really deserves 5 stars, even though i found some parables really lame and boring and the illustrations as well.. also he might be very controversial: for example he says let's have leisure for leisure's sake and then he says leisure is really lame without a "purpose", "goals" and "planning" and lots of scary words that he used.. also he was like at the end of his book:" don't look for happiness in your leisure time", if i'm not going to be happy when would i pursue happiness? I also blame Ernie really deserves 5 stars, even though i found some parables really lame and boring and the illustrations as well.. also he might be very controversial: for example he says let's have leisure for leisure's sake and then he says leisure is really lame without a "purpose", "goals" and "planning" and lots of scary words that he used.. also he was like at the end of his book:" don't look for happiness in your leisure time", if i'm not going to be happy when would i pursue happiness? I also blame Ernie for his biased arguments about how money is bad, i think money is great when it's used the right way.. just learn how to use it.. also i have to highlight the fact that he generalized in how to deal with negative people(which is something i totally disagree with, because their negativity could be not of their own will like people with depression or people that have gone through very stressful events in life, i think we should go easy on them).. it's when they need us the most. i'm saying this because of my personal experience with depression.. however, this is what i understood from Ernie, i could have misinterpreted what he said.. so why on earth am i giving him 5 stars?! read it and you'll know. :) thank you Ernie <3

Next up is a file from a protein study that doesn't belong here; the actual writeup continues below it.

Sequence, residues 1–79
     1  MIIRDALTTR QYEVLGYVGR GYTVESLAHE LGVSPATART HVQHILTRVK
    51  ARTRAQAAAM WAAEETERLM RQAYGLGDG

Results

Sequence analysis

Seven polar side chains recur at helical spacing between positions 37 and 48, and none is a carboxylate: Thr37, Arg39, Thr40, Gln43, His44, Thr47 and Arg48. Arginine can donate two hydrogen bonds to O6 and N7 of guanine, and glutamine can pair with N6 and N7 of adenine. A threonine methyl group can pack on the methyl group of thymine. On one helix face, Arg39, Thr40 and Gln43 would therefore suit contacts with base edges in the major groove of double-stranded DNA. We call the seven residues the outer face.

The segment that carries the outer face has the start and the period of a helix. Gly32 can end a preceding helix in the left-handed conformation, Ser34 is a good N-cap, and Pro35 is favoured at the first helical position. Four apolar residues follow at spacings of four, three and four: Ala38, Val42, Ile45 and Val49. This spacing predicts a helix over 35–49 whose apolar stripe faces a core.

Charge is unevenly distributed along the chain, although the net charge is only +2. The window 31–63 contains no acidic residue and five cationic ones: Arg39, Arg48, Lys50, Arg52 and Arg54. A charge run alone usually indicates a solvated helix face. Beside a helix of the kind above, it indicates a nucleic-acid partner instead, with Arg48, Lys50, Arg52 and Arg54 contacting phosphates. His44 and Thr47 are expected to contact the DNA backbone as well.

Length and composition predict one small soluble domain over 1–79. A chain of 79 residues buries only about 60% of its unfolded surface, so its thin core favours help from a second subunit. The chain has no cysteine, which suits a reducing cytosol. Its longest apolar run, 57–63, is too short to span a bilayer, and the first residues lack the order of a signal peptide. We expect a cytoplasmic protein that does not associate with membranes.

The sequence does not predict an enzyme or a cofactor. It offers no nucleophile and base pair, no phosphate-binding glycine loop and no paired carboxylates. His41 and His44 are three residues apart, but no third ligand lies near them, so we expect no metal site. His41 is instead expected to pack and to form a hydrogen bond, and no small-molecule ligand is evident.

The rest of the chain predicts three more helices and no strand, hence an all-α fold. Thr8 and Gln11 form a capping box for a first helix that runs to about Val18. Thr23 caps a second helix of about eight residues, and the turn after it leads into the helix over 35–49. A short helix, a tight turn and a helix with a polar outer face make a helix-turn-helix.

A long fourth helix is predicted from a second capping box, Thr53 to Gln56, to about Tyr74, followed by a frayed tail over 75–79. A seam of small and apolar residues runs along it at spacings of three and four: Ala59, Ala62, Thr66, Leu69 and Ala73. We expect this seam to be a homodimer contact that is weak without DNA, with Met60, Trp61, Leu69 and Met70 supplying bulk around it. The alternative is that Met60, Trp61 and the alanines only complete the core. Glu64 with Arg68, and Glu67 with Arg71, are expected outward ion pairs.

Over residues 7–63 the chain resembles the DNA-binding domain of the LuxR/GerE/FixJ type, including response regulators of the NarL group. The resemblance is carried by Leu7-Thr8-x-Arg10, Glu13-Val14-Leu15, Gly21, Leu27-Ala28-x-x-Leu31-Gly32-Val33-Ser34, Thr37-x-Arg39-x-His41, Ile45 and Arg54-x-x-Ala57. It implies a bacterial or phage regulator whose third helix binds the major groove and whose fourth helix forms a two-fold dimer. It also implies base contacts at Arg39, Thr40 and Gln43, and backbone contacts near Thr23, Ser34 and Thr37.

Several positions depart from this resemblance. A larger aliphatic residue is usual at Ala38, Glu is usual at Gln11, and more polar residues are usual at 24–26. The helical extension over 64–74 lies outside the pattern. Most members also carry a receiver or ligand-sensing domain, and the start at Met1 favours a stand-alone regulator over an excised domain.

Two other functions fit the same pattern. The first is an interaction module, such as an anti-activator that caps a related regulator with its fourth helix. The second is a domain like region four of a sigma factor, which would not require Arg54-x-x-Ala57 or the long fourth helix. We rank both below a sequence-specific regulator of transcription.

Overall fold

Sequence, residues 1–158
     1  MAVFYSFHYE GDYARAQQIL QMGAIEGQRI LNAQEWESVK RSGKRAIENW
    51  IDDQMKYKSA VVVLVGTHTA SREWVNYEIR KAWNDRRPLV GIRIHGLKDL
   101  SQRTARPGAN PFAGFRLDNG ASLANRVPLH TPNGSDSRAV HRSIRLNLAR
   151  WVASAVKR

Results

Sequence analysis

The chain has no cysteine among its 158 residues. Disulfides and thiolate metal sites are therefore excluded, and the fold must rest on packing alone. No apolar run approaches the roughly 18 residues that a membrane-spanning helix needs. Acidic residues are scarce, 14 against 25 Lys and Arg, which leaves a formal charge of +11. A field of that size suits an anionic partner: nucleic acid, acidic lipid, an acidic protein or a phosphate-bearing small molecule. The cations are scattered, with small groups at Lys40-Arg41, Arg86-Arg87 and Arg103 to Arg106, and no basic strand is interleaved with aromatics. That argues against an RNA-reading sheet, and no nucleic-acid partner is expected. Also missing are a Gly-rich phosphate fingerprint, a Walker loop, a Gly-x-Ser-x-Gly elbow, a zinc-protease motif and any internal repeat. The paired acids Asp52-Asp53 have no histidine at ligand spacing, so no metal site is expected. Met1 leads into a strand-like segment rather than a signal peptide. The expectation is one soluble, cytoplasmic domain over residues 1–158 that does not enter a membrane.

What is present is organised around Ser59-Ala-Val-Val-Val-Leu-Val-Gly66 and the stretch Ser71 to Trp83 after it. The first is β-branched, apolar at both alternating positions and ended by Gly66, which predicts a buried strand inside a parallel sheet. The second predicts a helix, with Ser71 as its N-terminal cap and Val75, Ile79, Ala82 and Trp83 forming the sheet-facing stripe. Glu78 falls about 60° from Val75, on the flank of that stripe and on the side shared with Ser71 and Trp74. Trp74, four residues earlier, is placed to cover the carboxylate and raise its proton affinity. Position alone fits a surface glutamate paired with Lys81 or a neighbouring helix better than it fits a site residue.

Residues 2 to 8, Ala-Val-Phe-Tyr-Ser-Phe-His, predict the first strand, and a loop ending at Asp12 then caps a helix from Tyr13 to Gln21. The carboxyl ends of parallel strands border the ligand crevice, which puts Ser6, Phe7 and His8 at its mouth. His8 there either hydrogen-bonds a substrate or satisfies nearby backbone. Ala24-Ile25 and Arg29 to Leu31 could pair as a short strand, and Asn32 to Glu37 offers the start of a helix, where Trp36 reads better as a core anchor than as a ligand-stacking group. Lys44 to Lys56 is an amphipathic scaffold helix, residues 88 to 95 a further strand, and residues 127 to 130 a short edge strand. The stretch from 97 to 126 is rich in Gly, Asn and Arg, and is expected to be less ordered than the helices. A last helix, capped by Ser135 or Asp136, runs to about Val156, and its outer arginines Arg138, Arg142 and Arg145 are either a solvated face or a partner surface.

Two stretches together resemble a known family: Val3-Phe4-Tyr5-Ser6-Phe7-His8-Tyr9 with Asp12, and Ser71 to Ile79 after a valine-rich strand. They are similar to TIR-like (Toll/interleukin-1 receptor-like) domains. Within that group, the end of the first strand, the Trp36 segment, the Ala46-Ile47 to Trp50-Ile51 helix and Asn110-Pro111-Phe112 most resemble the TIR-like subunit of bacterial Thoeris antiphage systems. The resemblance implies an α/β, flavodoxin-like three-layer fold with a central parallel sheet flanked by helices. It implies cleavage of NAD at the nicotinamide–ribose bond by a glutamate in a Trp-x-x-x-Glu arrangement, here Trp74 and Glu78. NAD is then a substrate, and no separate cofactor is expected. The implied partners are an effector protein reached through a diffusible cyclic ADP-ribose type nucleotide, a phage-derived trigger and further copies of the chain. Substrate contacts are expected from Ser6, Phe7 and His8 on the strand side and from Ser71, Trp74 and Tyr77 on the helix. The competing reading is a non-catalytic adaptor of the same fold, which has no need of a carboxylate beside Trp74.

14. 5 out of 5

    Christina

    * Dick Phillips - 30 year career and then retired - already had a pension I'm sure and close to "normal" retirement age - probably doesn't have to worry about $$ * Rita - How is this person paying for anything? Food, shelter? * Les - See Rita * Karen Hall - Had to go back to work - will probably hate that job too * Lynn Tillon - Still working same job, changed attitude * Ian - See Rita * Ian - Oh I see, his investments... where did that $ come from. * Joy Barlow - She freed herself from her JOB and go * Dick Phillips - 30 year career and then retired - already had a pension I'm sure and close to "normal" retirement age - probably doesn't have to worry about $$ * Rita - How is this person paying for anything? Food, shelter? * Les - See Rita * Karen Hall - Had to go back to work - will probably hate that job too * Lynn Tillon - Still working same job, changed attitude * Ian - See Rita * Ian - Oh I see, his investments... where did that $ come from. * Joy Barlow - She freed herself from her JOB and got a different JOB as a business owner - where is she now? How about a follow up? * Gilles - Legit, I like this guy * Aida Hudson - See Rita - what does the husband do? Probably has a nice paying job * Lisa Mallett - Sounds great at first and then "I really don't have to work. I am the beneficiary of a trust fund." * Dennis Anstett - Where does the 30k come from? * Jason - "What really cinched it, though, was the passing away of my father. He left some life insurance money..." Wow. I can't go on with these letters. Anyways, I did enjoy the get-a-life tree. That was a fun exercise. The rest is common sense. Don't spend more than you earn. Really?